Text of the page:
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June 2016

Why Zambia’s 6 cents is more significant than Dubai’s 3 cents

Gevorg Sargsyan's picture


Last week Zambia set a new price record for utility-scale solar-generated energy in Africa with the support of the World Bank Group’s (WBG) Scaling Solar initiative. The auction for 100 MW (2x50 MW) resulted in a price as low as 6 cents/kWh.
 
This is good news for the country, which much like the rest of Sub-Saharan Africa faces acute electricity shortages. Nearly 700 million people in Sub-Saharan Africa don’t have access to electricity.
 
Zambia’s solar auction result followed a series of headline-making auctions in India, Mexico, Peru, and Dubai. In Dubai’s case, the price was as low as 3 cents/kWh -- the lowest price ever offered for solar power. Solar auctions are effectively a competitive bidding process to build power plants and supply a specific quantity of electricity at a pre-agreed price over a specified period of time.

On the brink - let's act on climate change now

Sameh Mobarek's picture


Imagine for a moment that the most advanced spaceship visited Earth in full view of the planet’s inhabitants.  From this spaceship, a humanoid life form named Klaatu emerges, followed shortly after by a menacingly large robot.  Klaatu’s message to the people of Earth is revealed in one of the climactic exchanges of this story with the protagonist, Helen Benson, a young female scientist that was at the forefront of her field:

Helen Benson: I need to know what’s happening.
Klaatu: This planet is dying. The human race is killing it.
Helen Benson: So you’ve come here to help us.
Klaatu: No, I didn’t.
Helen Benson: You said you came to save us.
Klaatu: I said I came to save the Earth.
Helen Benson: You came to save the Earth… from us. You came to save the Earth from us.
Klaatu: We can’t risk the survival of this planet for the sake of one species.
Helen Benson: What are you saying?
Klaatu: If the Earth dies, you die. If you die, the Earth survives. There are only a handful of planets in the cosmos that are capable of supporting complex life…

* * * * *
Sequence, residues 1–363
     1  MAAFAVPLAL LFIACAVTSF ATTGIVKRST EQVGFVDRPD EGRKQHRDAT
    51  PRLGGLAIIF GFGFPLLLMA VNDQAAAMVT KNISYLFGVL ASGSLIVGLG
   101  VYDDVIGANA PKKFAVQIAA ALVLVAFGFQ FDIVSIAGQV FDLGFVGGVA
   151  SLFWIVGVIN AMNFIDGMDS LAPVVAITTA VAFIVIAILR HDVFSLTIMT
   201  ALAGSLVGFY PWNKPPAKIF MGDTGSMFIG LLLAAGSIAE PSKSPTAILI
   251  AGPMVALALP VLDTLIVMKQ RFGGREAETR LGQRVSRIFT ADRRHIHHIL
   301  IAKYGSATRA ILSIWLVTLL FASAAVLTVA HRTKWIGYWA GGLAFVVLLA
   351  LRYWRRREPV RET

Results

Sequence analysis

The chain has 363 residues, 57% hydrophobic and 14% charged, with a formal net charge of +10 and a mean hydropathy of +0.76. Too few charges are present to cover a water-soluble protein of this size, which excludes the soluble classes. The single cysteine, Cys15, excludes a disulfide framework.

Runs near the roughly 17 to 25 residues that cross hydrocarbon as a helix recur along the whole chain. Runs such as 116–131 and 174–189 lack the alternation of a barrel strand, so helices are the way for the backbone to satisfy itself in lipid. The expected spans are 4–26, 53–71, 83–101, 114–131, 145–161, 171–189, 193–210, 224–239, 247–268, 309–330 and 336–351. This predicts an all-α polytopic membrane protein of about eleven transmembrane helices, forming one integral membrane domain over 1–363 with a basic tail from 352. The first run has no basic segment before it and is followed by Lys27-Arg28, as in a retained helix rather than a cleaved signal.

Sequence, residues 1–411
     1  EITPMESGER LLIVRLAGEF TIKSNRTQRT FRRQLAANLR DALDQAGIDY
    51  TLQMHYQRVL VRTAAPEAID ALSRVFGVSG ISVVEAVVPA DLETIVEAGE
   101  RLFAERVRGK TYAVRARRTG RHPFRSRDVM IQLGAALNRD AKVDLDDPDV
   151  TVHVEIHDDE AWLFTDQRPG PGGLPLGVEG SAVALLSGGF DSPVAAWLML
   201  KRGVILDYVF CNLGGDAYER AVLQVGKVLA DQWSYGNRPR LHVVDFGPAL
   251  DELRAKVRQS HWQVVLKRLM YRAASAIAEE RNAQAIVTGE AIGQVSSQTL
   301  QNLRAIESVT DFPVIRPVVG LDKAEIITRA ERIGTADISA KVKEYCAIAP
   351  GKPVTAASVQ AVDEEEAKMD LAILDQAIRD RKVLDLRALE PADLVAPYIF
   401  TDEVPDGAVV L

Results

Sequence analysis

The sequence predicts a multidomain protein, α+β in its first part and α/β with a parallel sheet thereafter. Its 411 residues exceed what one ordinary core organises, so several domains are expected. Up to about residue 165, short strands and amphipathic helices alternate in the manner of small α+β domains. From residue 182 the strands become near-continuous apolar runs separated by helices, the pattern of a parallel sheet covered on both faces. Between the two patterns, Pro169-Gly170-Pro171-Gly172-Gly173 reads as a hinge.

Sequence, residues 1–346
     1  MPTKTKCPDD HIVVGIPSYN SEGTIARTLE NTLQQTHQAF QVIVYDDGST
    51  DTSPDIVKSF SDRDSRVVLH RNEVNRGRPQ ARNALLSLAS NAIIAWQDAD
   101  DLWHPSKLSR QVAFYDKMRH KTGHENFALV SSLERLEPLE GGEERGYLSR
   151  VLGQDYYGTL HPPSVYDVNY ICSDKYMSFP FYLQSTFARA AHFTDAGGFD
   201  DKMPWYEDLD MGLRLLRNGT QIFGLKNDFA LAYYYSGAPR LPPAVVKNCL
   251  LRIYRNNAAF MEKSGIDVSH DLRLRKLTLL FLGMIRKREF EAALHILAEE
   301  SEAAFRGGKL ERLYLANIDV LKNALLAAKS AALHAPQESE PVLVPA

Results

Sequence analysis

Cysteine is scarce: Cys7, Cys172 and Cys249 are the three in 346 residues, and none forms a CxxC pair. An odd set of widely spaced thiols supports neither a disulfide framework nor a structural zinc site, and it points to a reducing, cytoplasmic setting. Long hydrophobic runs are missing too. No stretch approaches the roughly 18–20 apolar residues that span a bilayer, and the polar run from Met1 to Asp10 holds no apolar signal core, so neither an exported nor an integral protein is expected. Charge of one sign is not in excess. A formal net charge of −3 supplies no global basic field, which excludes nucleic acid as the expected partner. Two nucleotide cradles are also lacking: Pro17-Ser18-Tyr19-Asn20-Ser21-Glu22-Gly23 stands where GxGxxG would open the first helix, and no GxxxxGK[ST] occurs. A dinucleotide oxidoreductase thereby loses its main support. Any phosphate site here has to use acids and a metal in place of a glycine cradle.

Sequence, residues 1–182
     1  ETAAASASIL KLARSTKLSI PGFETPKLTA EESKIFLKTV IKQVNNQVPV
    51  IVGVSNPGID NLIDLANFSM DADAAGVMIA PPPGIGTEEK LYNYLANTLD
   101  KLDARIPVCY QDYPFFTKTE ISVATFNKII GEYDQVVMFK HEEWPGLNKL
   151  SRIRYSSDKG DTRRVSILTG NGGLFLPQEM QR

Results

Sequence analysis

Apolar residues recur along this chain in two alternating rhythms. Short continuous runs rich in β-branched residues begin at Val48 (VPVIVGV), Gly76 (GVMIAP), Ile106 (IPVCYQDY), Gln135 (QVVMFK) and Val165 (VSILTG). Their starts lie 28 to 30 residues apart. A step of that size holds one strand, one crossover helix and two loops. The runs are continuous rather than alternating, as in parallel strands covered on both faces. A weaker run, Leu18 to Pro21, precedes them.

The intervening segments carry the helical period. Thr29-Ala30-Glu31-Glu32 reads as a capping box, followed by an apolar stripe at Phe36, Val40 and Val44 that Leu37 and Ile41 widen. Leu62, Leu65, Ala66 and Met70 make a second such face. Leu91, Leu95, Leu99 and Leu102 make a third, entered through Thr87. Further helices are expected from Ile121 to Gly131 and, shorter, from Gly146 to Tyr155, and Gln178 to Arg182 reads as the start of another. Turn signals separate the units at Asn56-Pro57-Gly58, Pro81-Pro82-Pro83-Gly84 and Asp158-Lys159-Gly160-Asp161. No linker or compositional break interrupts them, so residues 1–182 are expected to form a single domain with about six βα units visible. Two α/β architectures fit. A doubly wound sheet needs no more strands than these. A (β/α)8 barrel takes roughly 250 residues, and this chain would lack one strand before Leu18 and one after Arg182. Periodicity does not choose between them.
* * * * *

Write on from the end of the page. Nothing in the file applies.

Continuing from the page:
Helen Benson: You can’t do this.
Klaatu: …this one can’t be allowed to perish.
Helen Benson: We can change. We can still turn things around.
Klaatu: We’ve watched, we’ve waited and hoped that you would change.
Helen Benson: Please…
Klaatu: It’s reached the tipping point. We have to act.

Transparency strengthens Ukraine’s energy security

Olga Bielkova's picture

 

Gas pipeline, Ukraine. Photo: Dmytro Glazkov / World Bank

“If we hope to strengthen our security and control our own foreign policy, we can offer no less of a commitment to energy independence” – declared then U.S. Senator and now President of the United States, Barack Obama, more than 10 years ago in a speech titled Energy Security is National Security. If this is true for the strongest economy in the world backed by unsurpassed military might, this is doubly so for my own country, Ukraine, which has paid dearly for failed energy policies in the last 25 years.

Energy independence is within Ukraine’s reach. But we can only achieve it with enlightened policymaking, support from the international community, and, most importantly, unwavering political will from all three branches of our government to combat corruption. We must keep the momentum and our immediate priority should be to leverage a ready-made mechanism known as the Extractive Industries Transparency Initiative (EITI).